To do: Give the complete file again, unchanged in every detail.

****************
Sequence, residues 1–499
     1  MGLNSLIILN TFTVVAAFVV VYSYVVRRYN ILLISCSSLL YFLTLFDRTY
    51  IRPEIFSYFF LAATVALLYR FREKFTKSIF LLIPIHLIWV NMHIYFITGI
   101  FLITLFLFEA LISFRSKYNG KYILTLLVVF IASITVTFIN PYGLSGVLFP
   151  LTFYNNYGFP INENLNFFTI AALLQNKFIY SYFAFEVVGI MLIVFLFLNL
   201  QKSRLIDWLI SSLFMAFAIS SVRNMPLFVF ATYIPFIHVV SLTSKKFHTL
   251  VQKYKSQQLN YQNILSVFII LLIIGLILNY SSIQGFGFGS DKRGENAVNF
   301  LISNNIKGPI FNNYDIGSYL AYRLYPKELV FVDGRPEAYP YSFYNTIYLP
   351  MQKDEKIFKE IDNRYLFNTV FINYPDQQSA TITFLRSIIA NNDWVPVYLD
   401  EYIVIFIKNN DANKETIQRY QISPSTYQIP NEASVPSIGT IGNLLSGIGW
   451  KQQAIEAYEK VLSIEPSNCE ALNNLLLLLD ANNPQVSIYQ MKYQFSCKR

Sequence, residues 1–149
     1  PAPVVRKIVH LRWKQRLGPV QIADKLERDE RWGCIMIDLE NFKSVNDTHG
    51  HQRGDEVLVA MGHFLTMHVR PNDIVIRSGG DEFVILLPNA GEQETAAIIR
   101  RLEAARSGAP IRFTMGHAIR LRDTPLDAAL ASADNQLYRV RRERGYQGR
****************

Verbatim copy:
Sequence, residues 1–499
     1  MGLNSLIILN TFTVVAAFVV VYSYVVRRYN ILLISCSSLL YFLTLFDRTY
    51  IRPEIFSYFF LAATVALLYR FREKFTKSIF LLIPIHLIWV NMHIYFITGI
   101  FLITLFLFEA LISFRSKYNG KYILTLLVVF IASITVTFIN PYGLSGVLFP
   151  LTFYNNYGFP INENLNFFTI AALLQNKFIY SYFAFEVVGI MLIVFLFLNL
   201  QKSRLIDWLI SSLFMAFAIS SVRNMPLFVF ATYIPFIHVV SLTSKKFHTL
   251  VQKYKSQQLN YQNILSVFII LLIIGLILNY SSIQGFGFGS DKRGENAVNF
   301  LISNNIKGPI FNNYDIGSYL AYRLYPKELV FVDGRPEAYP YSFYNTIYLP
   351  MQKDEKIFKE IDNRYLFNTV FINYPDQQSA TITFLRSIIA NNDWVPVYLD
   401  EYIVIFIKNN DANKETIQRY QISPSTYQIP NEASVPSIGT IGNLLSGIGW
   451  KQQAIEAYEK VLSIEPSNCE ALNNLLLLLD ANNPQVSIYQ MKYQFSCKR

Sequence, residues 1–149
     1  PAPVVRKIVH LRWKQRLGPV QIADKLERDE RWGCIMIDLE NFKSVNDTHG
    51  HQRGDEVLVA MGHFLTMHVR PNDIVIRSGG DEFVILLPNA GEQETAAIIR
   101  RLEAARSGAP IRFTMGHAIR LRDTPLDAAL ASADNQLYRV RRERGYQGR